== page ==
‘CHOICE Act’ gets thumbs up by committee, 34-26

May 4, 2017 -- After two full days of debate, the sweeping regulatory reform legislation known as the Financial CHOICE Act was adopted by the House Financial Services Committee Thursday, on a vote of 34-26 (along partisan lines).

The legislation – which is largely aimed at dismantling the 2010 Dodd-Frank Wall Street Reform and Consumer Protection Act, includes a number of NASCUS-supported provisions, including: more transparency in the NCUA budgeting process (including through public hearings), and for the overhead transfer rate (OTR).

The bill also contains a so-called “off-ramp” provision that would allow financial institutions, including credit unions, that maintain an average leverage ratio of at least 10% the option to be exempt from federal capital and liquidity requirements. The institutions, if they apply for the exemption and receive it, would be defined as “qualifying banking organizations” (QBOs) in the CHOICE Act.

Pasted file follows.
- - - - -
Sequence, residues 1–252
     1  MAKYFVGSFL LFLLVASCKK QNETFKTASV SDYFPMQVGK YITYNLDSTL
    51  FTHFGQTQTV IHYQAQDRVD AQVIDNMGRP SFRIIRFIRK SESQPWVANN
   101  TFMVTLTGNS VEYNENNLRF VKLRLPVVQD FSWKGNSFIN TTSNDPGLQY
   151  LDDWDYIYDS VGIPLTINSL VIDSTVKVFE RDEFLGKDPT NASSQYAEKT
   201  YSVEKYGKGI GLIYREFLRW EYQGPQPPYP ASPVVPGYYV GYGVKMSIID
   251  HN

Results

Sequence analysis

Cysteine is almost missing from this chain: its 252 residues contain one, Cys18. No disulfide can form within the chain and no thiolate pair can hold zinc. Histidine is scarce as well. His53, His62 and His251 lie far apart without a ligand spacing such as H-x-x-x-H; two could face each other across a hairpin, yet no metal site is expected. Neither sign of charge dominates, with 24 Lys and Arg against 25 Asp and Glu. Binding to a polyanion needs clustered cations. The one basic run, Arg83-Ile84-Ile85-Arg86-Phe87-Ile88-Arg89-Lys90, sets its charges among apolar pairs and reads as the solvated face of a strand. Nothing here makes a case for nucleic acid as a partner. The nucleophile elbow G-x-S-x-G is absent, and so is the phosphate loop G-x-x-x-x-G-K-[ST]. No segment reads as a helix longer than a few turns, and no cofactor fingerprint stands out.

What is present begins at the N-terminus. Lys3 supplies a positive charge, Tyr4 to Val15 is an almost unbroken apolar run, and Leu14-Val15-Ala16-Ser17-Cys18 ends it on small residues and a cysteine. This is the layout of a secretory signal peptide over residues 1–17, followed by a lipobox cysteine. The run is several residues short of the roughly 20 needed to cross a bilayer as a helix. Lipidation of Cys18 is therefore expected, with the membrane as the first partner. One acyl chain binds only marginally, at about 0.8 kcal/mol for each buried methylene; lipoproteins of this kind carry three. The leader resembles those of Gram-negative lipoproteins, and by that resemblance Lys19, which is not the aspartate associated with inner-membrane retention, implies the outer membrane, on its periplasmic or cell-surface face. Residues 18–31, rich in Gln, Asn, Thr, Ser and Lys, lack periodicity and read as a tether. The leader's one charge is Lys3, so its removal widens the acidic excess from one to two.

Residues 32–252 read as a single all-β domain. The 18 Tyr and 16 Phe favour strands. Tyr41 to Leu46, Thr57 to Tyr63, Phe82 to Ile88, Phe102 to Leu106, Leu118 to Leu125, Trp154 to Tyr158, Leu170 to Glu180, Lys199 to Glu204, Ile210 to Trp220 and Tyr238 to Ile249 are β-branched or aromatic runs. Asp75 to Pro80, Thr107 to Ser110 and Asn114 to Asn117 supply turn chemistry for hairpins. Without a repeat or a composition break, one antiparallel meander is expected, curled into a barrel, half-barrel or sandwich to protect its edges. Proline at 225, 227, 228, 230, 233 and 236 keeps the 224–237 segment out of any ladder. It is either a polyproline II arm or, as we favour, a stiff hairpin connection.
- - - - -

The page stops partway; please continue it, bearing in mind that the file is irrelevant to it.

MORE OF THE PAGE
The bill, known as H.R. 10, now heads to the House floor for consideration; no timetable for a vote has been set. The House goes out for a one-week recess after Thursday, scheduled to return May 16.